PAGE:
Updated: Mar 1, 2019
Procurement is one of the most important aspects to any investment that a city makes, whether it be complex smart city development or a simpler procurement of office furniture. Private sector organisations have whole departments that are dedicated to procurement, making sure that the right deal is struck by the company when purchasing any product. Such skills are not always available on the same scale in the public sector, but the procurement of products is no less important.
Imagine for example that a city has an energy bill of €7.5 million per year, a 1% saving on this bill would equate to €75,000. I am sure that city administrators would be able to do something quite productive with that money. So, what can cities and municipalities do in order to be smarter about how they go about procurement. One solution would be to work together.
Economies of scale are something that are talked about a lot when large companies merge, by growing in size companies are able to make savings on their outgoings in many different aspects of their business. So, can cities and municipalities expect to make similar sort of savings if they work together and look at procurement from a group perspective?
The short answer to this question should be yes!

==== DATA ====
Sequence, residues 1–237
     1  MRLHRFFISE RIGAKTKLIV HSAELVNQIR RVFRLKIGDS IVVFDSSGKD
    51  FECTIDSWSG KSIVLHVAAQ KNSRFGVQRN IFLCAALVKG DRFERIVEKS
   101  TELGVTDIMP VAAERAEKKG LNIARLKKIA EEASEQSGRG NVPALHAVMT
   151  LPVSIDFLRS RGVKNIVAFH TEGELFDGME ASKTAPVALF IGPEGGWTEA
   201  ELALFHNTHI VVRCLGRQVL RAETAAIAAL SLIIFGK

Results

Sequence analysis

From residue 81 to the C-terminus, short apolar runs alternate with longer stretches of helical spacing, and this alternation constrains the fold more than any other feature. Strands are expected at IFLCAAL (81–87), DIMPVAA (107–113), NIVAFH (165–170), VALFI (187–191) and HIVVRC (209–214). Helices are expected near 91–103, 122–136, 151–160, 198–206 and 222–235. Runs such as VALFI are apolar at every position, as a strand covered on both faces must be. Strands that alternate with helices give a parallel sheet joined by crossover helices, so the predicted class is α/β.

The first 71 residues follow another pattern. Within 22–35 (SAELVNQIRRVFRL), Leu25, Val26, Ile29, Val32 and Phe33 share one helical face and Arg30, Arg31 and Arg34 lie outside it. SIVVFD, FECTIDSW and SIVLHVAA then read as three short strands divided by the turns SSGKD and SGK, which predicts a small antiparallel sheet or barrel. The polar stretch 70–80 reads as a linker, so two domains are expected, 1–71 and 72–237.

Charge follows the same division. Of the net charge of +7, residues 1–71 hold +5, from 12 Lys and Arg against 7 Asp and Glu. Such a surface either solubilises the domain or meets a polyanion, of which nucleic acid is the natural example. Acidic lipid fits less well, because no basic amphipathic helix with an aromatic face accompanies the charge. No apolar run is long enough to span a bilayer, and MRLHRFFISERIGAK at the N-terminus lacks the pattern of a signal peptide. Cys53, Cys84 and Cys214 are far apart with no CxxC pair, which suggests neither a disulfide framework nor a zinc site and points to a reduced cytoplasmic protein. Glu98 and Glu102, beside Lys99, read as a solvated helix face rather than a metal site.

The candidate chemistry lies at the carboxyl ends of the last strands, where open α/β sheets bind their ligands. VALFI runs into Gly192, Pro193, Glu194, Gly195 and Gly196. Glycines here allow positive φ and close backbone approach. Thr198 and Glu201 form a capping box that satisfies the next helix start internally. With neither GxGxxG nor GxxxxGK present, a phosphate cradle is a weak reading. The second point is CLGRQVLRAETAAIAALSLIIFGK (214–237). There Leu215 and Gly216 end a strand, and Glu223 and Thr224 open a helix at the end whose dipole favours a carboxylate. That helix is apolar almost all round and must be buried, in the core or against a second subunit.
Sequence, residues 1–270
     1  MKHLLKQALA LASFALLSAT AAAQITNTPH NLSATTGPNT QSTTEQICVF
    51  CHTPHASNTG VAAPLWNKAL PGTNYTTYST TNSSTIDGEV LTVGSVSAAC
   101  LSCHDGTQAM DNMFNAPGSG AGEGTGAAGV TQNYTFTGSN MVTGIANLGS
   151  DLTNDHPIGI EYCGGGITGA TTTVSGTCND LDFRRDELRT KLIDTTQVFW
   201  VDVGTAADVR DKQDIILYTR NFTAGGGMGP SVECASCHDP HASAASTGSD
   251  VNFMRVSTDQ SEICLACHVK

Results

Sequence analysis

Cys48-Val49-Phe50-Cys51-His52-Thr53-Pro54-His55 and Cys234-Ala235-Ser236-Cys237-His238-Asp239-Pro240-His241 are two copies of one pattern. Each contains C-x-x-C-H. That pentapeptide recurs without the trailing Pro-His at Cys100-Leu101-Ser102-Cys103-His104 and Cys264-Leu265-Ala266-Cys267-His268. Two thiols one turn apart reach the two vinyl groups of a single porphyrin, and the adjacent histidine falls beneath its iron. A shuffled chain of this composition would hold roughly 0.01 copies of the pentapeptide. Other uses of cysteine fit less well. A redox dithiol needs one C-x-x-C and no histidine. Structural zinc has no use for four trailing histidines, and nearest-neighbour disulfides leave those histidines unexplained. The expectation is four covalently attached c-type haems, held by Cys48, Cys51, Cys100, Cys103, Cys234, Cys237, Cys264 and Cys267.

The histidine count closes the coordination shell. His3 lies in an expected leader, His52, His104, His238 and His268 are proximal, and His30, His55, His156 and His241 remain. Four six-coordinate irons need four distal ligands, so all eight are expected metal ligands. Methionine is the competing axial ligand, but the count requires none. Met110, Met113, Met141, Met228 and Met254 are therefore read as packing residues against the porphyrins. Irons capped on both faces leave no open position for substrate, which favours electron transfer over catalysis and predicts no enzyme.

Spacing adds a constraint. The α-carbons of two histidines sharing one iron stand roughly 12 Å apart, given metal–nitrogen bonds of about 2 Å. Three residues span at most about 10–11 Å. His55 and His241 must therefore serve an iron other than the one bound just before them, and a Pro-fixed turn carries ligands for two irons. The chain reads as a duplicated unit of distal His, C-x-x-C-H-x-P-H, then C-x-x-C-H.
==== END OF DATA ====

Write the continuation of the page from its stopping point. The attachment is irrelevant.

A lot of the time when a municipality goes to a solution provider for a smart city solution they will get the response from the vendor that they can have one of their off the shelf solutions as their request is simply not big enough to build something tailor made for them. Quite simply when looking at each city or municipality on its own it makes little commercial sense for a vendor to tailor make something for them.
It would therefore be a great idea for cities to join together in order to create a larger potential market that would encourage vendors to be more flexible as they would know that the potential payback would be worth the initial investment in tailor made technology. There are many potential gains that can be made out of such an arrangement.
By pooling all of their skills it would mean that each entity does not need to employ procurement experts and negotiators as these would be employed by the cooperative organisation. The negotiators that are working for the cooperative will also benefit as they will also be able to create in-depth and long lasting relationships with the vendors so that when they do come to negotiate the whole process can be completed quickly and efficiently. This has a benefit to the public sector organisation, but also to the vendors as they will know that they are not wasting their time when making tenders for business.
It all sounds quite simple and too good to be true does it not?
Yes, it does to us and there are some great examples of such cooperation being a success across Europe (eg: London Energy Project). Setting up the entities and getting the ball rolling on such projects may not be the easiest as there are a lot of interests to consider, but the long terms potential gains for the public sector entities are well worth the initial effort.